The more softly the word is pronounced
The more ardent, the more miraculous.
The less it dreams of becoming a song
That much nearer it draws to music.
-from "Apollo in the Grass"
For the Nobel laureate Joseph Brodsky, the poems of Aleksandr Kushner were essential: "Kushner is one of the best Russian lyric poets of the twentieth century, and his name is destined to rank with those close to the heart of everyone whose mother tongue is Russian."
Apollo in the Grass is the first collection in English translation of Kushner's post-Soviet poems, and also includes certain earlier ones that could not be published during the Soviet era.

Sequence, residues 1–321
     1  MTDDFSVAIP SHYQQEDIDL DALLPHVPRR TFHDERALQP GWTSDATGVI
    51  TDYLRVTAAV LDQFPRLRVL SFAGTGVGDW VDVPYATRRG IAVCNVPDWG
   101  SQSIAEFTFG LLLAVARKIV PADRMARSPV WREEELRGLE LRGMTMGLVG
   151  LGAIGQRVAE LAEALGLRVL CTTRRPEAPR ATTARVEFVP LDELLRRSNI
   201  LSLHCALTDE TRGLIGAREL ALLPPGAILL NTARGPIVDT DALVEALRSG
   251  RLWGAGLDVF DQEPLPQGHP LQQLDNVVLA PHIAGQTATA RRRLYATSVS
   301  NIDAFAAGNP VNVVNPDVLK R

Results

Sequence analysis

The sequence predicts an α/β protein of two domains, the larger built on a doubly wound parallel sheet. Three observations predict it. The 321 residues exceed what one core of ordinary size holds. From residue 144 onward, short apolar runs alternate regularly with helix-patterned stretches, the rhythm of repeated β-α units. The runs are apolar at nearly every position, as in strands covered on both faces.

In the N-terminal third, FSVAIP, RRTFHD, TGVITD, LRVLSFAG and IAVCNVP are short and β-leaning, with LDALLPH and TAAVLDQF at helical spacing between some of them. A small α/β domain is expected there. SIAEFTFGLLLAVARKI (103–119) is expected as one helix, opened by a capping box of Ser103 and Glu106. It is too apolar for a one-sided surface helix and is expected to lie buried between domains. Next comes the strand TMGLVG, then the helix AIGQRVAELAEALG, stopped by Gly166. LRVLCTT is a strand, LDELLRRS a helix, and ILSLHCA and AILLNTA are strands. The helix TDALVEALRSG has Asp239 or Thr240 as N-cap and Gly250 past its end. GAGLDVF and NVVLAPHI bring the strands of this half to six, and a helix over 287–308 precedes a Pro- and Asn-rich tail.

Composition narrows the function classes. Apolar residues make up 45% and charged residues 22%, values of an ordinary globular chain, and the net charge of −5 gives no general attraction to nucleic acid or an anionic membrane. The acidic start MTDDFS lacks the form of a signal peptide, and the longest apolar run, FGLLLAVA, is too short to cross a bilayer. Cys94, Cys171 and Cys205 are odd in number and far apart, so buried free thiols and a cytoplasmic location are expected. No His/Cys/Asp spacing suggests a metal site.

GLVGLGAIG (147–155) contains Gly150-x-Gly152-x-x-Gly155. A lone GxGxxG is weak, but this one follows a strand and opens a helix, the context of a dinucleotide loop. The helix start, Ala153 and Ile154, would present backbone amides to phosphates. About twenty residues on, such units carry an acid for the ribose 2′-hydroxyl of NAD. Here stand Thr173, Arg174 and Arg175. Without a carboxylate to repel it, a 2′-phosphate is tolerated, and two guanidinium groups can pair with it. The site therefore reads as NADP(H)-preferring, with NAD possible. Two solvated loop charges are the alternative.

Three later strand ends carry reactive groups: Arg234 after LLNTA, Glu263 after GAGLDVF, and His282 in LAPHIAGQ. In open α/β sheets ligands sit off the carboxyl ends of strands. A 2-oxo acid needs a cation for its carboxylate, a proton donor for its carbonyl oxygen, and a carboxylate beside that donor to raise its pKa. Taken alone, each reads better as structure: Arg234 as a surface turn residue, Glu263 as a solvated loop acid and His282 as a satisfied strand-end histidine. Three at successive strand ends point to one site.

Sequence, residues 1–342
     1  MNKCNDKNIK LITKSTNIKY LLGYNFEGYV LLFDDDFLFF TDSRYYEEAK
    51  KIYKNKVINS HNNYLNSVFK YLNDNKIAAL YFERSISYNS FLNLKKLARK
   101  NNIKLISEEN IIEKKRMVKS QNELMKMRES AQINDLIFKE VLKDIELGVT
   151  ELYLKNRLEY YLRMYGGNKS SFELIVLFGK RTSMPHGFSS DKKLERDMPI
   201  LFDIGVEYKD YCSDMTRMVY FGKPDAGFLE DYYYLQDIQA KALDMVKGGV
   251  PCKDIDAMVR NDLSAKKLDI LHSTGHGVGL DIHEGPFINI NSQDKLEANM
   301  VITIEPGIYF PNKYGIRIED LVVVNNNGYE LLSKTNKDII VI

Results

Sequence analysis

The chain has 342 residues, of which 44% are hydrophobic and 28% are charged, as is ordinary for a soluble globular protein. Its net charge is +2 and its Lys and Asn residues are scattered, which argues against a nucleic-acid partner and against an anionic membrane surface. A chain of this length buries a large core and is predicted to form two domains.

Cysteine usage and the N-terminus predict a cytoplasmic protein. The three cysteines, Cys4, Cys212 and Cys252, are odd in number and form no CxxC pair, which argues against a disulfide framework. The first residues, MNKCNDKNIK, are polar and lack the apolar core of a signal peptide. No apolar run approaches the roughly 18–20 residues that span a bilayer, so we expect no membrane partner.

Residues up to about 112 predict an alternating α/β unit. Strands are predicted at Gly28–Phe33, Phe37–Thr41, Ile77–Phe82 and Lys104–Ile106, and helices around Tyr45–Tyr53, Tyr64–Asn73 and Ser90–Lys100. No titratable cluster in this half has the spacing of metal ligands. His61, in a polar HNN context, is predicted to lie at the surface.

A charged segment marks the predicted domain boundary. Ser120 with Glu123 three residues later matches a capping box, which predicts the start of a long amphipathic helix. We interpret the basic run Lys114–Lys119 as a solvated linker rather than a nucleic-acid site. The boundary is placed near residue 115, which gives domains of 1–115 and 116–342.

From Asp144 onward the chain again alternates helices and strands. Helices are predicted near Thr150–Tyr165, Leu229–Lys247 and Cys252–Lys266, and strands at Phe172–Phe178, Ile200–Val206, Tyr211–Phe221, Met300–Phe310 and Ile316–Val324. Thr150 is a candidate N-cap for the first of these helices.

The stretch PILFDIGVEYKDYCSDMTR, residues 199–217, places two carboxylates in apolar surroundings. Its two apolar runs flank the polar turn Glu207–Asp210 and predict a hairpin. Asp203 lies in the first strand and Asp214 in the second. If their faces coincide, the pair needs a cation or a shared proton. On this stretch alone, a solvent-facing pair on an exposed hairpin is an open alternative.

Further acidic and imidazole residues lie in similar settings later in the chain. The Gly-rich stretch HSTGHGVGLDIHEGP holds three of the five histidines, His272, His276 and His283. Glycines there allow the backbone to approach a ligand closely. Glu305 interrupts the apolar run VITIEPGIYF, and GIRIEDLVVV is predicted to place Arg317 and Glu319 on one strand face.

Kushner speaks to us from a place where the mythic and the historic coexist with the everyday, where Odysseus is one of us, and the "stern voice" of history can transform any public square into a harrowing schoolroom. This layering of times and events is also embodied in Kushner's distinctive poetic voice. Echoes of earlier Russian poets and styles enrich and complicate an idiom that is utterly natural and contemporary.
Now, as in the Soviet era, Kushner's work is especially cherished for its exemplary stoic integrity. But these lyrical poems are also pieces of exquisite chamber music, songs where poetry dazzles but "greatness is . . . sooner scaled to the heart / Than to anything very enormous."